The days in inventory formula calculates the ratio that is used to measure how fast a company transforms its inventory into sales. In other words, it’s a number of days that is needed for inventory to transform into cash.

Days in inventory or inventory days of supply measures how many times a year a company sells its inventory. This ratio used to see if a company has too much inventory in comparison to its sales. 

How to calculate days in inventory?

Days in inventory or inventory days is calculated by dividing the number of days in a year by the inventory turnover.

Days\;in\;inventory = \frac{365}{Inventory\;turnover}

How to calculate inventory turnover?

Inventory turnover is a ratio that shows how many times a company sold its inventory during a certain period of time (e.g. a year). Inventory turnover ratio is used to compare the sales level with how much inventory a company has.

There are a lot of ways to calculate inventory turnover. The basic way to calculate the inventory turnover is to divide sales by average inventory.

Inventory\;turnover = \frac{Sales}{Average\;inventory}

Average inventory is calculated as:

Average\;inventory = \frac{Starting\;inventory + Ending\;inventory}{2}

For simplicity, you can use just the ending inventory.

You can also derive inventory turnover by dividing the cost of sold goods by average inventory.

Inventory\;turnover = \frac{Cost\;of\;goods\;sold}{Average\;inventory}

Why days in inventory ratio is important?

If days in turnover ratio is low, that may be caused by internal reasons like overstocking (excess amount of inventory in storage) and bad marketing strategy or external reasons like a market downturn. This leads to financial losses because a company will have to sell these products on sale or will keep them in its warehouse for too long which causes higher holding costs.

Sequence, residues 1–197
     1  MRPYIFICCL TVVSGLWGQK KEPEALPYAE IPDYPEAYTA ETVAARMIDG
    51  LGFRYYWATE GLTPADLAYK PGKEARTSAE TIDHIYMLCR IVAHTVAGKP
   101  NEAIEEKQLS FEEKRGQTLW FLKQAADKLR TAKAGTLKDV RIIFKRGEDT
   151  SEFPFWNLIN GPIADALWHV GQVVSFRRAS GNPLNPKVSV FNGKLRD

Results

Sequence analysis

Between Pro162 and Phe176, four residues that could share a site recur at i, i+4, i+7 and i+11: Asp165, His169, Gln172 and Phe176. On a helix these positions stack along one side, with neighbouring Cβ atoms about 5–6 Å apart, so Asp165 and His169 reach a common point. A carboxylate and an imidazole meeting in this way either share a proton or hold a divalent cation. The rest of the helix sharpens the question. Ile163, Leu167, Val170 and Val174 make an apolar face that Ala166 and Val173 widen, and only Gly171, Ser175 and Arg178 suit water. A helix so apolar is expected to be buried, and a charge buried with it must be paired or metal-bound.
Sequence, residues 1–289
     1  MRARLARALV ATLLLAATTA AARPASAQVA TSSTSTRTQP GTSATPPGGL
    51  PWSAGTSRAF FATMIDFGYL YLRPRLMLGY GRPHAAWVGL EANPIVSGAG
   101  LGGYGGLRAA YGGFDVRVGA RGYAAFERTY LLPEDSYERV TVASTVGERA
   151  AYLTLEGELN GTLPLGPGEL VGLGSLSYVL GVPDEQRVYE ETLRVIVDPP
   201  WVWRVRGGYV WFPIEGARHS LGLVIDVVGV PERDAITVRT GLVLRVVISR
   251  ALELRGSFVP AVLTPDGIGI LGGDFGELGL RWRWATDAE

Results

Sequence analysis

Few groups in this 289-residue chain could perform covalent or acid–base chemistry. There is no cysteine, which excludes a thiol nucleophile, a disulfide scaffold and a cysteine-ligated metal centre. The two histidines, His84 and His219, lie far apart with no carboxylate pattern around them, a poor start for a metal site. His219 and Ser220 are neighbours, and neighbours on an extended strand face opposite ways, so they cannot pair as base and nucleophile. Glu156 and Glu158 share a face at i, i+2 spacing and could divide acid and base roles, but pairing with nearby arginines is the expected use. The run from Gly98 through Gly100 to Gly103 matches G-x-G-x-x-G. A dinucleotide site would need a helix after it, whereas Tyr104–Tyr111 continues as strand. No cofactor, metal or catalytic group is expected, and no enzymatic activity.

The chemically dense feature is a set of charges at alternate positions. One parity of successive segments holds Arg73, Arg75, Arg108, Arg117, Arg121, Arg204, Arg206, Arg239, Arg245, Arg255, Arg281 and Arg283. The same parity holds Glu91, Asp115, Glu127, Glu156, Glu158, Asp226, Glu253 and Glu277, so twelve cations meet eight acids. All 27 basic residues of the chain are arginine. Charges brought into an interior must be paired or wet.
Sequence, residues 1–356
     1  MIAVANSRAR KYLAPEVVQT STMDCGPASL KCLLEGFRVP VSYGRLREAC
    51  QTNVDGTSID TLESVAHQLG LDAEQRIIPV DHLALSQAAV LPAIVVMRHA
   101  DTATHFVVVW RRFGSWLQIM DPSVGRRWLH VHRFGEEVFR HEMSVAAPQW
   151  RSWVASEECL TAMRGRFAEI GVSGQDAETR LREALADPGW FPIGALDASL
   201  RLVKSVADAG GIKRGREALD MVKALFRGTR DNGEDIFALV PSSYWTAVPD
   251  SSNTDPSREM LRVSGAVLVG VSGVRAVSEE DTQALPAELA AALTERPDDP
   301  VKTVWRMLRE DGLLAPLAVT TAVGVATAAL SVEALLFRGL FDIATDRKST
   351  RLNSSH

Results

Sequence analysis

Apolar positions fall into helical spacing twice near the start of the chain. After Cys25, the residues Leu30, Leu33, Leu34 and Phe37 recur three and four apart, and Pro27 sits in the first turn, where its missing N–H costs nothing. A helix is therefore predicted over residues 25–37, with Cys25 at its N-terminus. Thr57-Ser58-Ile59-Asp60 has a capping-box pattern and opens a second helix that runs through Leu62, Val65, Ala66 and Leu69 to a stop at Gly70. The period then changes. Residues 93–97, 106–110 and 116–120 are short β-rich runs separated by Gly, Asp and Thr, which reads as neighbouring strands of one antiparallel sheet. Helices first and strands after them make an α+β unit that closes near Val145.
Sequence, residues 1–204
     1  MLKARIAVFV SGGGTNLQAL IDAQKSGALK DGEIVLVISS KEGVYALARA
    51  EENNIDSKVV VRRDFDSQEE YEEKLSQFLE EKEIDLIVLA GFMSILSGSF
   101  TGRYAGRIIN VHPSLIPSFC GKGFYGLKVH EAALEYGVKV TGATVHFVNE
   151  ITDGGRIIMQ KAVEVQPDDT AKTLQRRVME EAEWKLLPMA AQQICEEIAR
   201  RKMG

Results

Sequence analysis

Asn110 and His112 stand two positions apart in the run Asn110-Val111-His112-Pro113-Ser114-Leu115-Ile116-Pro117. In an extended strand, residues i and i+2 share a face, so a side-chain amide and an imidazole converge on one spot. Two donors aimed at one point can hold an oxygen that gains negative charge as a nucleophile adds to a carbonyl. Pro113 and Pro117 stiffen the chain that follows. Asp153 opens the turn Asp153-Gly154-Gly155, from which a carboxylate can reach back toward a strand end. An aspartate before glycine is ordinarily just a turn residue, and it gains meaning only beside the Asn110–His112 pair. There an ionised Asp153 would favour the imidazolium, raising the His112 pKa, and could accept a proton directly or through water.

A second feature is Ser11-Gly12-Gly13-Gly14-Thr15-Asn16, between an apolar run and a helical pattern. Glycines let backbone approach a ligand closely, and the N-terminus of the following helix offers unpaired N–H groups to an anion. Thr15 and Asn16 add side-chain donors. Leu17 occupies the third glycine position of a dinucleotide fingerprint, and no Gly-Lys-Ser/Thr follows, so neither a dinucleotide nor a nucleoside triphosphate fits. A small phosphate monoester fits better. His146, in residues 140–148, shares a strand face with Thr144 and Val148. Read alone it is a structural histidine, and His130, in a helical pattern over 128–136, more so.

If the days in inventory ratio level is high, it can be a sign of either strong sales or too low inventory levels, which also may lead to financial losses.

In some cases, low days in inventory can be a good thing, e.g. when a company expects rapid prices change or market shortages.

It’s also important to compare days in inventory of companies in the same industry. Some industries naturally have higher or lower days in inventory levels. For example, a bakery sells fast-moving goods that expire really fast, real estate developers, on the over hand, have very low days in inventory levels.

An item of inventory which is sold more times a year has a lower cost than the same item sold fewer times. This happens due to:

  • Stock purchasing. If a company buys a certain amount of inventory it will have to cell at least the same amount of inventory to have a better turnover ratio, income, and profitability. If it doesn’t sell this amount, it will have to keep more inventory in the warehouse and therefore it will incur holding costs. The more the items turn over, the lower are the holding costs such as rent, utilities, insurance, salaries and so on.
  • Faster reaction to changes. If items are sold more times a year a company can react to changes on the market. It’s especially important in fast fashion industry where reacting to rapidly changing trends is one of the most important goals.

Example of days in inventory calculation

Let’s assume XYZ company has $600,000 of sales. XYZ’s beginning inventory was worth $160,000, by the end of the year, this number decreased to $140,000. Cost of goods sold during this year is $150,000. XYZ’s days in inventory is calculated as:

  • Sales $600,000
  • Beginning inventory $160,000
  • Ending inventory $140,000
  • Cost of goods sold $150,000

Step 1. Average inventory

Average\;inventory = \frac{16,000 + 14,000}{2} = \$15,000

Step 2. Inventory turnover (sales method)

Inventory\;turnover = \frac{600,000}{150,000} = 2

Step 3. Days in inventory

Days\;in\;inventory = \frac{365}{4} = 91.25

XYZ’s days in inventory ratio is 91.25, which means the inventory was sold and replaced ~ 91 times.